Lecture notes of Dr. Yen-Jen Oyang
Parameter Setting through Cross
Validation
 When carrying out data classification, we
  normally need to set one or more parameters
  associated with the data classification
  algorithm.
 For example, we need to set the value of k
  with the KNN classifier.
 The typical approach is to conduct cross
  validation to find out the optimal value.

                                                                17
                           Lecture notes of Dr. Yen-Jen Oyang
Linear Separable and Non-Linear
Separable
 The example above shows a case of linear
  separable.
 Following is an example of non-linear
  separable.




                                                                18
                           Lecture notes of Dr. Yen-Jen Oyang
                                     19
Lecture notes of Dr. Yen-Jen Oyang
An Example of Non-Separable




                                                          20
                     Lecture notes of Dr. Yen-Jen Oyang
Support Vector Machines (SVM)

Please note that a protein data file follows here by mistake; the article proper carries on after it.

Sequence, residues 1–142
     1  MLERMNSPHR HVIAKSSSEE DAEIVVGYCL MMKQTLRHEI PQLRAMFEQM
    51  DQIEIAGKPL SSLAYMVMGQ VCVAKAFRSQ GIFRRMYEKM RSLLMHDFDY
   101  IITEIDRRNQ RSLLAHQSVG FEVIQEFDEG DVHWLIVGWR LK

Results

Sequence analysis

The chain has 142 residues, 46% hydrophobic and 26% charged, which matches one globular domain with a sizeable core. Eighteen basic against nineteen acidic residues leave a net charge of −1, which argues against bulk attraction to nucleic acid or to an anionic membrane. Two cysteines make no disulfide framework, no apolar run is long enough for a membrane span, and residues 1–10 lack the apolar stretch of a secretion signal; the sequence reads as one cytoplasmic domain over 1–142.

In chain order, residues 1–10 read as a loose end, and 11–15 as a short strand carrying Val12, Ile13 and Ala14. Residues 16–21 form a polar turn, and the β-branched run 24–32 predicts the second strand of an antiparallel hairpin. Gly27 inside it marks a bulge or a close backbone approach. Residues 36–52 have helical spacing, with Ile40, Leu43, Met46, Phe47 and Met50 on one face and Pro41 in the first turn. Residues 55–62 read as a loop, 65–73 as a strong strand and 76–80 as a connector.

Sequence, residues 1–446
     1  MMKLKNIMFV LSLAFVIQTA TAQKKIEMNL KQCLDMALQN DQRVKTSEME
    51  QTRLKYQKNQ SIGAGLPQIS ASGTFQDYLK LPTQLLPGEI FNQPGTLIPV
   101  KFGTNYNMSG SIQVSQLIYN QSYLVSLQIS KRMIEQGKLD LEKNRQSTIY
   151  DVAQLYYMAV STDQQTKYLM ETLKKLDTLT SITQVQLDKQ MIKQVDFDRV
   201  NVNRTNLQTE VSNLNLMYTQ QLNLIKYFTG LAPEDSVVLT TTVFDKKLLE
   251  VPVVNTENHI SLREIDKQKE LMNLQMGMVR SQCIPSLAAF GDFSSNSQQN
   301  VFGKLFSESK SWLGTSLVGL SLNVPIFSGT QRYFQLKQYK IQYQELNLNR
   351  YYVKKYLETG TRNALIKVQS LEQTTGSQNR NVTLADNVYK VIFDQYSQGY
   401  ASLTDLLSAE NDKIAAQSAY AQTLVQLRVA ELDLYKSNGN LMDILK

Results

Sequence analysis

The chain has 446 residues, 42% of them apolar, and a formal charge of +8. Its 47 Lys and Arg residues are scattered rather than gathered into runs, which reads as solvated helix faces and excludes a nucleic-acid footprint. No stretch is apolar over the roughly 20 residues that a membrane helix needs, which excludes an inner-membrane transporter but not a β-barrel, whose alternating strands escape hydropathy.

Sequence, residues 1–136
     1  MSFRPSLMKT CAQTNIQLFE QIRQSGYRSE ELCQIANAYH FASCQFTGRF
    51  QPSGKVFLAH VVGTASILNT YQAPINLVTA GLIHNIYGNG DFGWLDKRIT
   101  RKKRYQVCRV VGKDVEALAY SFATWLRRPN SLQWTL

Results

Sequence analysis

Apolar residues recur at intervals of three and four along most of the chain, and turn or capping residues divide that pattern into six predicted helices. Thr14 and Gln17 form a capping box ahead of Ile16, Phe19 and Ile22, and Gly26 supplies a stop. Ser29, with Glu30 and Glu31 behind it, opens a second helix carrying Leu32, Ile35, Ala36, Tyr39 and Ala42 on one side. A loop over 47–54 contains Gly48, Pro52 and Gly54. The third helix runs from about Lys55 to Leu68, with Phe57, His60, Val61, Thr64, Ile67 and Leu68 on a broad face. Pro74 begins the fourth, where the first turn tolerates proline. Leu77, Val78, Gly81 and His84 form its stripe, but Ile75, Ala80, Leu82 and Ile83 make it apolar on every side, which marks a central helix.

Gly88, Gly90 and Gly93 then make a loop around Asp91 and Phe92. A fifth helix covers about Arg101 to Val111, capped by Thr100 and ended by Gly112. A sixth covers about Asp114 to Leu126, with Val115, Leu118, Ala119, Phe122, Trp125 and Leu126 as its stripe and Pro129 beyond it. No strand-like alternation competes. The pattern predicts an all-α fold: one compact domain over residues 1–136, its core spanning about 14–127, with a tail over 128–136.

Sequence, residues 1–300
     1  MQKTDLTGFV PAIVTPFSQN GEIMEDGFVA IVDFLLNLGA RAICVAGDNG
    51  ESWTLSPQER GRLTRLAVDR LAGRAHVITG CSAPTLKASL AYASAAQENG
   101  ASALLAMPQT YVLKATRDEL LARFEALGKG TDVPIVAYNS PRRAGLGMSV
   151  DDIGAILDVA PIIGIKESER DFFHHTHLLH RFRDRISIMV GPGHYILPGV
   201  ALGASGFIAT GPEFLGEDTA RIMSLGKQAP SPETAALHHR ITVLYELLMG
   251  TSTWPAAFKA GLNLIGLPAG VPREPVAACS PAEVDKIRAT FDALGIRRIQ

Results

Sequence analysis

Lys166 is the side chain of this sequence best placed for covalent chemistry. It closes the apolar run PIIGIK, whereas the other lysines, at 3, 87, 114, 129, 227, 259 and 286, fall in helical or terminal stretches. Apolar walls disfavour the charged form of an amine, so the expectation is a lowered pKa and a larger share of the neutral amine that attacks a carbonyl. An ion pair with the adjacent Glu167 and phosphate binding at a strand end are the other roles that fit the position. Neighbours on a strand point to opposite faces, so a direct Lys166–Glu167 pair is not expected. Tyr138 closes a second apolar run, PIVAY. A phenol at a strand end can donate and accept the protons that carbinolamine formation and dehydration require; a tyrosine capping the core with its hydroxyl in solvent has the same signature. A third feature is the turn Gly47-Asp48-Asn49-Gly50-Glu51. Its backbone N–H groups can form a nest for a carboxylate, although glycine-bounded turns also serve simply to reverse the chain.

 Over the last few years, the SVM has been
  established as one of the preferred
  approaches to many problems in pattern
  recognition and regression estimation.
 In most cases, SVM generalization
  performances have been found to be either
  equal to or much better than that of the
  conventional methods

                                              21
Optimal Separation

 Suppose we are interested in finding out how
  to separate a set of training data vectors that
  belong to two distinct classes.
 If the data are separable in the input space,
  there may exist many hyperplanes that can
  do such a separation.
 We are interested in finding the optimal
  hyperplane classifier – the one with the
  maximal margin of separation between the
  two classes.
                                                22
23
Kernels
 :RNF
 k(x,y):=((x)(y))




                        24
A Practical Guide to SVM
Classification
   http://www.csie.ntu.edu.tw/~cjlin/papers/guide/guide.pdf




                                                               25
Support Vector Machines (SVM)




                                26
Graphic Interface

   http://www.csie.ntu.edu.tw/~cjlin/libsvm/index.html#GUI




                                                              27
Specificity/Selectivity v.s.
Sensitivity
   Sensitivity
    – True positives / (True positives + False negatives)
   Selectivity True positives / (True positives + False
    positives)
   Specificity
    – True negatives / (True Negatives + False positives)
   Accuracy
    – (True positives + True Negatives ) / (True positives+ True
      Negatives + False positives + False negatives)



                                                                   28
HW3 – Example




                29